IATA director general Tony Tyler is concerned that different agendas about Europe's Emissions Trading System could prevent governments reaching consensus over global aviation emissions regulation at September's ICAO general assembly in Montreal.
Speaking at the Royal Aeronautical Society in London on 24 July, Tyler explained that although the European Parliament last year "stopped the clock" on the implementation of ETS, the clock will start again unless the parliament changes its mind. "And parliament won't change its mind unless something comes out of the Montreal meeting which they consider to be good enough," he said.
"I'm sure something will come out of this assembly. Whether it will be enough to satisfy the European Parliament, I'm less hopeful. And I worry about the risk that the European ETS discussion and argument derails the main point."
Tyler says there is "a good chance" of an outline plan being agreed for a global scheme for managing aviation emissions for implementation from 2020 "if governments approach the assembly with a positive frame of mind".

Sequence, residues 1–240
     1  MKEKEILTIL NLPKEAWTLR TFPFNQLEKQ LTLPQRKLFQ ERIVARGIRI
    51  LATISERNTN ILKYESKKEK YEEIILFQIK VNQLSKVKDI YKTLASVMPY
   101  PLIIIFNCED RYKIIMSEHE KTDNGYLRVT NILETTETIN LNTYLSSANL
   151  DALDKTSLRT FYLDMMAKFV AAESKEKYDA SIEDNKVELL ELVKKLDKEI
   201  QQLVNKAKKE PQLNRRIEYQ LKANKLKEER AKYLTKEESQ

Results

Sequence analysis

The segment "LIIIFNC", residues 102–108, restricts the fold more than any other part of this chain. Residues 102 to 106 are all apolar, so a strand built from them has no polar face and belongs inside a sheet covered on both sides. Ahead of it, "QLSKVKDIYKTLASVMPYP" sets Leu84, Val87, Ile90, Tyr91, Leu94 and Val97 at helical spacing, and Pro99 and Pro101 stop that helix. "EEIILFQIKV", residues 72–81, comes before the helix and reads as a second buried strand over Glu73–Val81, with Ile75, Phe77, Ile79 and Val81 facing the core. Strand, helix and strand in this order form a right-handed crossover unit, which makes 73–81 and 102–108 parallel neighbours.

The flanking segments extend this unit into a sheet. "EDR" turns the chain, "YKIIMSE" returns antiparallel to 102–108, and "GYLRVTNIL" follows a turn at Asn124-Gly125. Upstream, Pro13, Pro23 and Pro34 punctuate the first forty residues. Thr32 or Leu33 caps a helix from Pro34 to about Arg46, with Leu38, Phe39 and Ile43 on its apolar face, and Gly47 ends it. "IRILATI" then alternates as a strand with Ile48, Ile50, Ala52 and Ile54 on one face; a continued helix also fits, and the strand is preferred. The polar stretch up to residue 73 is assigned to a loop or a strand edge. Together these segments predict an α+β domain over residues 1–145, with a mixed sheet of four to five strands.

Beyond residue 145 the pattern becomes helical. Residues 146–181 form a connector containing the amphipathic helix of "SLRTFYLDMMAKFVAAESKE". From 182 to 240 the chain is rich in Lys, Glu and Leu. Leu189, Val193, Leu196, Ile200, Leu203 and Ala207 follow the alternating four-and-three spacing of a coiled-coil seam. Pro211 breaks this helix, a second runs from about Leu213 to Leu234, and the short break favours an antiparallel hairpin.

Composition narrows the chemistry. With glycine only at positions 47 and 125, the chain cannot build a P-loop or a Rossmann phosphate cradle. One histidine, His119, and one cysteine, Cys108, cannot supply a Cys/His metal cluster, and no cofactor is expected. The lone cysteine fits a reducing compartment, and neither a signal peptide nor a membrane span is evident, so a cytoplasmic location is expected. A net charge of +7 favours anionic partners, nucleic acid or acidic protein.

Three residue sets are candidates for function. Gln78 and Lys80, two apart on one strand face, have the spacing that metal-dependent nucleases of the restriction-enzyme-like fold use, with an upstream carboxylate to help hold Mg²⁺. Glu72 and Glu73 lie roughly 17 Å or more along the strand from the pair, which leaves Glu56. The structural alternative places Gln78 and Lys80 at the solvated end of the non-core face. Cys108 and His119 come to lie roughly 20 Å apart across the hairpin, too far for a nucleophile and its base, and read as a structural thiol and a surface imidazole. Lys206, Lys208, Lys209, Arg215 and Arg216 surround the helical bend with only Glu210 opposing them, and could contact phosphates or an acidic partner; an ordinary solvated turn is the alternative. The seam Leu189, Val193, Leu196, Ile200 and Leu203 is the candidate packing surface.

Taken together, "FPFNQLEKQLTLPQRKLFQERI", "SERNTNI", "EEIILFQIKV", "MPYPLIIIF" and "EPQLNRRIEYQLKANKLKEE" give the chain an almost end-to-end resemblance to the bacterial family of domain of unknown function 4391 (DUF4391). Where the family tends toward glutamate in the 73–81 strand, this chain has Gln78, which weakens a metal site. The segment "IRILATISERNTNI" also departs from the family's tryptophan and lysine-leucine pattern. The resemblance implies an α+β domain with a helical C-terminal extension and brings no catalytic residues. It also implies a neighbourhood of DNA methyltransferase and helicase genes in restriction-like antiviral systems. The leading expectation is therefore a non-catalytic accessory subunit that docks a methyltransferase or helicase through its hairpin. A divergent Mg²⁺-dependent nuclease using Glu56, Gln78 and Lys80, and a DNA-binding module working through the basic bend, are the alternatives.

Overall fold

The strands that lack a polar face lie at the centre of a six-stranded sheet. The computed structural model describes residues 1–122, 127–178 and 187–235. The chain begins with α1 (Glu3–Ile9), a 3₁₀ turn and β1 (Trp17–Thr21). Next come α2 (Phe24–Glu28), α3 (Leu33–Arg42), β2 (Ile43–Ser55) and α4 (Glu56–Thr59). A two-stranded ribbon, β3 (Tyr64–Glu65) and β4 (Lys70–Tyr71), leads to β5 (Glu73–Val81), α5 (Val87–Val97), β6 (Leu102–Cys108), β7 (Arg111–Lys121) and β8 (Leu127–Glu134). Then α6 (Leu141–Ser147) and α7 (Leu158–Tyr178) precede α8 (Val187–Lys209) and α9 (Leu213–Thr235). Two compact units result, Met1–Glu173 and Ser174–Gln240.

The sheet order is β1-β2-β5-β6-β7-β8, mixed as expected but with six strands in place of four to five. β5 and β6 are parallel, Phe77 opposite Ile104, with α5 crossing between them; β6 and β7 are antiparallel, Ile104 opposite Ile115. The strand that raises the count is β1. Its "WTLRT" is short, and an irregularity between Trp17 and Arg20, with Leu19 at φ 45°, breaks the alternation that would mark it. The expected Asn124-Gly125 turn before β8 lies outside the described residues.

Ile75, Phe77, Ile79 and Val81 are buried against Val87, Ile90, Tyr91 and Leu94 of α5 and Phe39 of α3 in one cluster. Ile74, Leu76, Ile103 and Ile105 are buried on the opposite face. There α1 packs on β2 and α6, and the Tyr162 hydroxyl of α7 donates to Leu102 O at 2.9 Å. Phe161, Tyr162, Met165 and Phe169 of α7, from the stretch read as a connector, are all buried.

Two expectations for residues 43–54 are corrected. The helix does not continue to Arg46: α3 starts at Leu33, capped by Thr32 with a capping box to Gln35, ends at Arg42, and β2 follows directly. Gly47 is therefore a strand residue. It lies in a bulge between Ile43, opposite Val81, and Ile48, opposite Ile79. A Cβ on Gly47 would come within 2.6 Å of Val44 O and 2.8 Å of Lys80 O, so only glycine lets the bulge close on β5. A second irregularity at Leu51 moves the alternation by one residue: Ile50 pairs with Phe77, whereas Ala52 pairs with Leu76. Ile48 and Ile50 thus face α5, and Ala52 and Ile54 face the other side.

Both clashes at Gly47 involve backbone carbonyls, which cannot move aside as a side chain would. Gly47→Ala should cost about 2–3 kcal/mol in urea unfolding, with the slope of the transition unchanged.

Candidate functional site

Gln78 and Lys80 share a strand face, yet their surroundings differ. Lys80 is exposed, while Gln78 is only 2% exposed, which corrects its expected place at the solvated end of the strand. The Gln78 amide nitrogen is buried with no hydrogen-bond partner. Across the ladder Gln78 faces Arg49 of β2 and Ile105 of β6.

However, he warns there is "a risk that some governments - European ones - will go to Montreal with the main intention of making sure that whatever comes out can accommodate the ETS. Other governments - large, important ones like the USA, India, China, Brazil, Russia and others - are going to go with the intention to make sure that that can't happen very high on their agenda."
In that scenario, he says, the European ETS could become "a major distraction" from the assembly's main object of agreeing a plan to develop a global scheme for emissions control from 2020.